It's not all about digital resources either. It's just as important to ensure that you have a printer or multi-function device at home. You never know when you're going to need to print out an important document or form. Likewise, you'll sometimes need to sign a document, scan it and email it.
If you have printers in the office that accept remote job submissions via systems like HP's ePrint, make sure you have their details with you. If you finish working on a big report and need hard copies to hand out to colleagues in the morning, why not send them to the office printer overnight, ensuring that everything is printed and ready when you arrive in the morning.
Working on the move
Creating the right working environment at home is one thing, but working effectively when you're out and about is an altogether different proposition. Although many of the same concerns exist, you're not in control of your environment, and you'll find yourself having to make a few compromises.
In theory most of us can carry our office around in our bags. As long as we've got a laptop and a smartphone loaded with all the applications and files we need to work, we're most of the way there. There are, however, a few more considerations to address.
The most obvious need is Internet access. If you're in a town centre, it shouldn't be hard to find a coffee shop or restaurant with free Wi-Fi, allowing you to camp down for a couple of hours and get productive. But what about when your job takes you somewhere more remote?
Investing in a 3G or better yet, a 4G mobile broadband adapter will ensure that you're online no matter where you might be. Although USB dongles tend to be a bit cheaper, you're better off going for a mobile broadband hotspot module, which you can then connect to via any Wi-Fi enabled device, allowing you to connect your laptop and tablet simultaneously. And if you're travelling with a colleague, you can both share the single connection, saving your company money.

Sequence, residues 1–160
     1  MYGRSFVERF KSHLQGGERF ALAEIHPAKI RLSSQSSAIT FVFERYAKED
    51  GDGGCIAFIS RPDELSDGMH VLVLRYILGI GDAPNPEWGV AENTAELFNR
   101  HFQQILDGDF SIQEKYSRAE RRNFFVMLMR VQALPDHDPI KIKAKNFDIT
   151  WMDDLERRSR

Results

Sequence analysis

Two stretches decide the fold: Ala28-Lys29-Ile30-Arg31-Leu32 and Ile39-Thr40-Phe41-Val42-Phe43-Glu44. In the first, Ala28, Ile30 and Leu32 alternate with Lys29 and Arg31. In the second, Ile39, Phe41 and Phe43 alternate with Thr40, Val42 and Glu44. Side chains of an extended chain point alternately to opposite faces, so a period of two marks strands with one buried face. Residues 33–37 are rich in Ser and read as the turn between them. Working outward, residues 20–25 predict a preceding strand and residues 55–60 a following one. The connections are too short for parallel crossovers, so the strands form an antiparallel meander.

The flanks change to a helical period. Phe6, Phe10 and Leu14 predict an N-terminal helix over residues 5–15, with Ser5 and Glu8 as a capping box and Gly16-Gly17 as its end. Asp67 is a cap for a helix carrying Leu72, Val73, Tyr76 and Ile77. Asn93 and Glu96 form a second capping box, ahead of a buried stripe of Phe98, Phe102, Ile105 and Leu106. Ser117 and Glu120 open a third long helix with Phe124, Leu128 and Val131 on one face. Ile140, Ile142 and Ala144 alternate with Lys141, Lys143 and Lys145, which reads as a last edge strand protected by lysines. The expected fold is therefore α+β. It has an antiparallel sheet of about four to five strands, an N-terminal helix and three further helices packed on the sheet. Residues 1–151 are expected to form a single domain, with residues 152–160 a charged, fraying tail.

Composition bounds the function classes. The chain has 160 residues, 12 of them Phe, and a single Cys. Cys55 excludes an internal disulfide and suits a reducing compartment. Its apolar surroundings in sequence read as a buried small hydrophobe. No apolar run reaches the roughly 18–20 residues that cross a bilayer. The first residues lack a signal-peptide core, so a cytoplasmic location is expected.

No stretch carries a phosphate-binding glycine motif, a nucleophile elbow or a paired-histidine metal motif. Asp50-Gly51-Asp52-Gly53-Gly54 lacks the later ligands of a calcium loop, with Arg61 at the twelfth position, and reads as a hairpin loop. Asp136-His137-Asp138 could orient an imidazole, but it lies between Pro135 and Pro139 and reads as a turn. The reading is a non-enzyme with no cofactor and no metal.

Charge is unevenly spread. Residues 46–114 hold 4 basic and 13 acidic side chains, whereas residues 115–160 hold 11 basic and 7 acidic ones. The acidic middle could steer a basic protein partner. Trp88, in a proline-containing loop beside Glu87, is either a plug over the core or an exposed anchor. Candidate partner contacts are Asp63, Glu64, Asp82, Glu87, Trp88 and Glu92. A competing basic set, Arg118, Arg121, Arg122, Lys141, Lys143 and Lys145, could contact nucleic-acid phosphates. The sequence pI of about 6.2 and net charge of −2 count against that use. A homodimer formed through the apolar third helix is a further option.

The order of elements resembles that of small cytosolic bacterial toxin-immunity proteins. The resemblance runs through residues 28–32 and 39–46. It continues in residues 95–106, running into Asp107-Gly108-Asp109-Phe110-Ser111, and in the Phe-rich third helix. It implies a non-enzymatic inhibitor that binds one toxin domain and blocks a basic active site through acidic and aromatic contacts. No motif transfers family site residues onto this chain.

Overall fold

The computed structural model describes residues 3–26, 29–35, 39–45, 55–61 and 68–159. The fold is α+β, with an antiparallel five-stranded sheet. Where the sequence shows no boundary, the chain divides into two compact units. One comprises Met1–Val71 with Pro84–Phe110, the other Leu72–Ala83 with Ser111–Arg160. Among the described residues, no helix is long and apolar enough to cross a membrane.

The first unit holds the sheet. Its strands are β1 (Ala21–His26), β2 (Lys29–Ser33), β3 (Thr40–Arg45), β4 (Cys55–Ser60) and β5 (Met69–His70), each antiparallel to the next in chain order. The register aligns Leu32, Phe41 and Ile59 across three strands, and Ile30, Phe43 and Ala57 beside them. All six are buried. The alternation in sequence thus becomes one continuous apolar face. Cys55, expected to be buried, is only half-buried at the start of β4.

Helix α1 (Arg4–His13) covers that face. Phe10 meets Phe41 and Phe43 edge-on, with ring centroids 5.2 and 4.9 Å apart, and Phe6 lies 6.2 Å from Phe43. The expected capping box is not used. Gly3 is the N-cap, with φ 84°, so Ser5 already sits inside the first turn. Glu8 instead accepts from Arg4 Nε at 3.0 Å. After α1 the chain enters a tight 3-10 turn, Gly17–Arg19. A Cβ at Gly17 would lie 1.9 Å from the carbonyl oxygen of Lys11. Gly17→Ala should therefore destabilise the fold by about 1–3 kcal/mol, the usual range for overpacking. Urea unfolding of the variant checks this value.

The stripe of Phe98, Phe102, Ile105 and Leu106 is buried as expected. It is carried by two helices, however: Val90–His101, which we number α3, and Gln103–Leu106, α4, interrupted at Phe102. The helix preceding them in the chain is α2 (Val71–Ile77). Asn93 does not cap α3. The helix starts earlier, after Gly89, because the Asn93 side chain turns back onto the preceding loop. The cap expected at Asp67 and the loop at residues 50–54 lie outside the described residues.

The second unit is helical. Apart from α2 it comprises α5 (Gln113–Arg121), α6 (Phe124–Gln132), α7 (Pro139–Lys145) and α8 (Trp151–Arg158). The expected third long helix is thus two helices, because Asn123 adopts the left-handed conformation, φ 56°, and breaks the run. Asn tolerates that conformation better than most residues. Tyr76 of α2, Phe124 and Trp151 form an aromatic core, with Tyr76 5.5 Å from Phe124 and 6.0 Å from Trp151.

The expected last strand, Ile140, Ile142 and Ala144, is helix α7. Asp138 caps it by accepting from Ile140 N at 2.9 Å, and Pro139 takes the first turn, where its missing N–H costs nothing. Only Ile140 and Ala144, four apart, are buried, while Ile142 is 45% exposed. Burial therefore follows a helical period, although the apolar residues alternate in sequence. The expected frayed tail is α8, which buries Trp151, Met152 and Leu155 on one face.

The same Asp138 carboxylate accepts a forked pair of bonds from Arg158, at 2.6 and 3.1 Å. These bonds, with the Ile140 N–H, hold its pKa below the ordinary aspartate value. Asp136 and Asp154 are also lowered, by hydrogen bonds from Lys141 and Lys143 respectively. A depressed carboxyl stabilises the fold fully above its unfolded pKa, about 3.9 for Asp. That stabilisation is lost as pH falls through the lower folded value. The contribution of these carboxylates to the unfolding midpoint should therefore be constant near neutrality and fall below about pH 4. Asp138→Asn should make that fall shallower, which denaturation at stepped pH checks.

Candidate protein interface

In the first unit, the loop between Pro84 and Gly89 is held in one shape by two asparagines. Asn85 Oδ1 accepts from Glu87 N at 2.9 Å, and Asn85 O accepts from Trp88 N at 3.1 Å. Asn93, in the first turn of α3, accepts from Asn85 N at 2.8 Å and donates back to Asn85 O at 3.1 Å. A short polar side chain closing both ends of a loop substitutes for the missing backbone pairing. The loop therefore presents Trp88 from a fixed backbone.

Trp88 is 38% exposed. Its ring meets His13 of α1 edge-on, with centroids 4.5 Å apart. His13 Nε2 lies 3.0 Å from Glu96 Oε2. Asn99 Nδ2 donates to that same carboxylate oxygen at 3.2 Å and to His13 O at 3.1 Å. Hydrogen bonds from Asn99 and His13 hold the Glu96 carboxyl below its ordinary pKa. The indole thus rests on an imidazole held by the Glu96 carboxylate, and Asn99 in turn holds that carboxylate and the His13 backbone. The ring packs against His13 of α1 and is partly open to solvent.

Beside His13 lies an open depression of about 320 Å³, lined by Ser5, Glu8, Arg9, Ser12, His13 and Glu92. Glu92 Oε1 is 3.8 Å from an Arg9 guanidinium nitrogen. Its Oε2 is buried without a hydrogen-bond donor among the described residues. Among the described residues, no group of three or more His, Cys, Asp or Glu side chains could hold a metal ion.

Something else that's worth packing into your laptop bag is a privacy screen. If you're regularly working on sensitive documents and spreadsheets, the last thing you need is someone looking over your shoulder in a coffee shop and finding out things that they shouldn't.
While most decent laptops can provide a day's worth of service from a full battery charge, you still need to make sure you've got that power brick with you just in case. It's also worth carrying an emergency battery pack for those instances when find yourself away from mains power for a while. A high energy density pack should be able to provide a few hours of life-saving power for your laptop, smartphone and table.
Make no mistake, for many of us it really is possible to work from anywhere, but as the boy scouts always say, be prepared.
For more advice on transforming your business, visit HP BusinessNow
Security analytics for your multi-cloud deployments
IBM Security QRadar SIEM solution briefDownload now
Five reasons to move to the cloud
Join the enterprises moving their workloads to the cloudDownload now
Architecting hybrid IT and edge for digital advantage
Why business leaders should consider a hybrid IT strategyDownload now
Six reasons to accelerate remote asset monitoring with AI
How to optimise resources, increase productivity, and grow profit margins with AIDownload now